Friday, 29 April 2016

Session in Daly’s Bar during Corofin Trad Fest 2016

"An outstanding session of traditional irish music with some of the country's best musicians including Owen o Neil, Brian and Keith O Loughlin, and many more. Teach Uí Dálaigh (Daly's bar) Corofin, during the Corofin Traditional Festival 2016." Posted on Youtube on the 18th of March 2016 by Derek Daly.

The O'Reillys, Linnane, Bergin, & Cullinan at the Corofin Trad Fest 2016

"Damien O'Reilly, Tony Linnane, Mary Bergin, Padraig O'Reilly, and James Cullinan performing at the Corofin Traditional Festival on March 4, 2016 - #02." Posted on Youtube on the 24th of April 2016 by Niamhaines.

Doolin, County Clare - a snapshot

"Here is a snapshot of Doolin, we are a coastal village in County Clare, Ireland, on the Wild Atlantic way. Home of traditional Irish music, which is played nightly in our pubs. An ideal base when visiting the Cliffs of Moher, the Burren . Doolin offers an array of accommodation options, craft shops, restaurants, and activities." Posted on Youtube on the 15th of April 2016 by Doolin Tourism.

A Life In The Day - Surf’s up in Lahinch, County Clare

"This short video, brought to you by Paddle Pillow, follows four locals on a day of clean, off-shore surf in and around Lahinch aka Surf City, County Clare, Ireland, on the 2nd April 2016. Featuring Alan Coyne, Dave Flynn, Stuart McMullen and Dave Collins, the video was shot by award winning director, photographer and surfer Kev L. Smith, and also features Kenny's Bar and Restaurant, Main Street, Lahinch." Posted onn Youtube on the 21st of April 2016 by David Collins.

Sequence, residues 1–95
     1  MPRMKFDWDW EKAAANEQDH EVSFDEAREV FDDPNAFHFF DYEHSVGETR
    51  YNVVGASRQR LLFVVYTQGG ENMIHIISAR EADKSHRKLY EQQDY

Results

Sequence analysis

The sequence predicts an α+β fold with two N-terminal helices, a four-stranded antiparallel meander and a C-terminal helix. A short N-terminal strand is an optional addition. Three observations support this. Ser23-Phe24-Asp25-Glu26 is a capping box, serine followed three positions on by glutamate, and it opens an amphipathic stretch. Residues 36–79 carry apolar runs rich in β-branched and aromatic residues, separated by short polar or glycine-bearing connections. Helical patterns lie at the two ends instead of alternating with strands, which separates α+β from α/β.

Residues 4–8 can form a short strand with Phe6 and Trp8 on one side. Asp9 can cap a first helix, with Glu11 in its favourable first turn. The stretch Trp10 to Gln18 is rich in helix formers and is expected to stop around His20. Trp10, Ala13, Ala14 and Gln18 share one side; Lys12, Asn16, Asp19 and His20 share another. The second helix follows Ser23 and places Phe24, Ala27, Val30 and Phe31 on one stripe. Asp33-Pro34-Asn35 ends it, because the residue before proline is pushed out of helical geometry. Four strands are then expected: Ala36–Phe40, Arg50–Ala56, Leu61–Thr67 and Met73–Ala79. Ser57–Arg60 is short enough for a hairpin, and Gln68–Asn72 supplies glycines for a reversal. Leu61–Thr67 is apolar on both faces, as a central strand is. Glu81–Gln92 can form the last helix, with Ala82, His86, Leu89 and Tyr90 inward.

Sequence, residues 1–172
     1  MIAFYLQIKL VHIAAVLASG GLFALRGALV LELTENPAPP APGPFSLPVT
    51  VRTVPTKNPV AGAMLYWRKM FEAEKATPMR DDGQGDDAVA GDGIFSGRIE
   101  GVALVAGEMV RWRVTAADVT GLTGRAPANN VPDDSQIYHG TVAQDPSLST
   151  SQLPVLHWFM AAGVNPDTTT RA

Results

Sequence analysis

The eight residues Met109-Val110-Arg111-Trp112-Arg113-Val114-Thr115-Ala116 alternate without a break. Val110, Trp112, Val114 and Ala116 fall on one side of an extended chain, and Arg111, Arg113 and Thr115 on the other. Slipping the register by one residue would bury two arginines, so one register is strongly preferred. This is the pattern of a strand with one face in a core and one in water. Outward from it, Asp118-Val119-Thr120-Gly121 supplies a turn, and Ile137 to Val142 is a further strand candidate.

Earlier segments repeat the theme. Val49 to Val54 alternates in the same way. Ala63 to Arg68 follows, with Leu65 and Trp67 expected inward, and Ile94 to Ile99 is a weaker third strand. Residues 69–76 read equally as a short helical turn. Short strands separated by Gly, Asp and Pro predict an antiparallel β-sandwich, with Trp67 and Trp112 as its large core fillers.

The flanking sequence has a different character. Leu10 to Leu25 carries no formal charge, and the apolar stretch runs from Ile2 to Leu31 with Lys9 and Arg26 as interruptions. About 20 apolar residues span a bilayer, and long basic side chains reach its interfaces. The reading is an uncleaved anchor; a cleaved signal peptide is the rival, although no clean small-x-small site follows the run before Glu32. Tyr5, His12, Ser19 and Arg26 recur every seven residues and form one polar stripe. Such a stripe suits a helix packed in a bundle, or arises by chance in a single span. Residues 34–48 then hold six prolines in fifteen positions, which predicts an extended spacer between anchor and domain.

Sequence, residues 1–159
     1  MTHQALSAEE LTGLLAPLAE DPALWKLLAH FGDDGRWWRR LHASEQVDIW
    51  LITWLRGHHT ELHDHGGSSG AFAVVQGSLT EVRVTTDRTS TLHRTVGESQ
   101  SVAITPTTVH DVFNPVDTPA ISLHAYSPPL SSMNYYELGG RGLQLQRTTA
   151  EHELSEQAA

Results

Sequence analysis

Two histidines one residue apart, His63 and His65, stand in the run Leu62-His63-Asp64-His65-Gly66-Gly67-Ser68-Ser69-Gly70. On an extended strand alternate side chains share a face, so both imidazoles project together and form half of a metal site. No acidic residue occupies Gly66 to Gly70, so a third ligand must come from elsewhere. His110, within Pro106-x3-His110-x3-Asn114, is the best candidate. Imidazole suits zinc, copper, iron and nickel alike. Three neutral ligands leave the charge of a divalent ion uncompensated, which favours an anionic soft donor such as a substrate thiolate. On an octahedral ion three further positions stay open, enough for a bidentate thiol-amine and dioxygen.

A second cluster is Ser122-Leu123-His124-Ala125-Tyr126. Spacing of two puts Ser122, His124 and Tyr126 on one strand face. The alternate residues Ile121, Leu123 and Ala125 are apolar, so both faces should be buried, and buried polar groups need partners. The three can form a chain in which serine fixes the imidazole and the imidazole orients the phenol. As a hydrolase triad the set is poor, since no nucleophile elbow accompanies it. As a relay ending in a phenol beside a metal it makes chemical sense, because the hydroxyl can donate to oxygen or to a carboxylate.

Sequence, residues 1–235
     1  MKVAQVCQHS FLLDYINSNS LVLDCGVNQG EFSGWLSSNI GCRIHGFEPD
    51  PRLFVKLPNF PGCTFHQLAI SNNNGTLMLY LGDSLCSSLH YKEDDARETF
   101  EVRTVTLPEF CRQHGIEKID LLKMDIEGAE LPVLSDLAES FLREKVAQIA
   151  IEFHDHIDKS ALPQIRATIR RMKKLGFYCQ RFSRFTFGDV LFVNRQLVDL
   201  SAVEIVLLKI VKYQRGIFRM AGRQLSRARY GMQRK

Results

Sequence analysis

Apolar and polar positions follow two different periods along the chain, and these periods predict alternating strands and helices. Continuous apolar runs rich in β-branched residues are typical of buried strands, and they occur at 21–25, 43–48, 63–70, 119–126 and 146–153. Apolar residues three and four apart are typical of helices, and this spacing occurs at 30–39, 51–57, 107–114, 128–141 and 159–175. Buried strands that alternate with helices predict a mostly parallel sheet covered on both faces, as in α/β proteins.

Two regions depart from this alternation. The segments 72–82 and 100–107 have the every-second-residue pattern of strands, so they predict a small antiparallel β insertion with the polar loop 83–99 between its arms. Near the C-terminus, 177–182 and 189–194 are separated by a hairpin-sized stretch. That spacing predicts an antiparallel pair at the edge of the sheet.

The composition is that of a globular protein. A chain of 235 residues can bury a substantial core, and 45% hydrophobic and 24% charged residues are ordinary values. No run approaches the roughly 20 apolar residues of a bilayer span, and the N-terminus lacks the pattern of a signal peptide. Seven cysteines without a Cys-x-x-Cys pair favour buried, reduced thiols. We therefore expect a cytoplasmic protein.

The Burren from above

The Burren, County Clare, from the air. Posted on Youtube onthe 31st of March 2016 by dan dwyer.

Liscannor, County Clare, from the air

Liscannor, County Clare, from the air. Posted on Youtube on the 17th of April 2016 by seanpburke.

St Bridgets Well, Liscannor, County Clare

"The layout of this Holy Well is very Pagan in origin. In Pre Christian Ireland this type of Well was deemed to be a place where the gods of the underworld communicated with humankind and where offerings to these gods were made for favours either received or requested. When Christianity was introduced into Ireland these Wells had their names changed to those of Christian saints and used as places of religious worship and gathering..." Posted on Youtube on the 22nd of March 2016 by Martin Coffey.

See also

The Calling Card - by The Shack Ennistymon Youth-club Film Club

"A Film About Cyber bullying. The shack Ennistymon Youth-club Film Club." Posted on Youtube on the 3rd of March 2016 by jaymzie shep.

1930s Schools’ Folklore Collection material from County Clare now online

Folklore and local history from County Clare is now available on The Schools’ Collection, an important component of the National Folklore Collection, UCD, contains the folklore material recorded by pupils between 1937 and 1939. It consists of over half a million pages recorded by around 50,000 primary school pupils in the 26 counties.

Material from the Schools’ Collection has been published on an ongoing basis on dú since the end of 2013 and all volumes from the Collection, covering all 26 counties, will be available by the end of 2016. Folklore material from Dublin, Mayo, Donegal, Waterford, Galway, Leitrim, Kildare, Kerry, Sligo, Limerick, Monaghan, Laois, Kilkenny, Louth and Tipperary has already been made available on the site since the end of 2013. dú is the result of a partnership, beginning in 2012, between the National Folklore Collection (UCD), Fiontar (DCU) and the Department of Arts, Heritage and the Gaeltacht.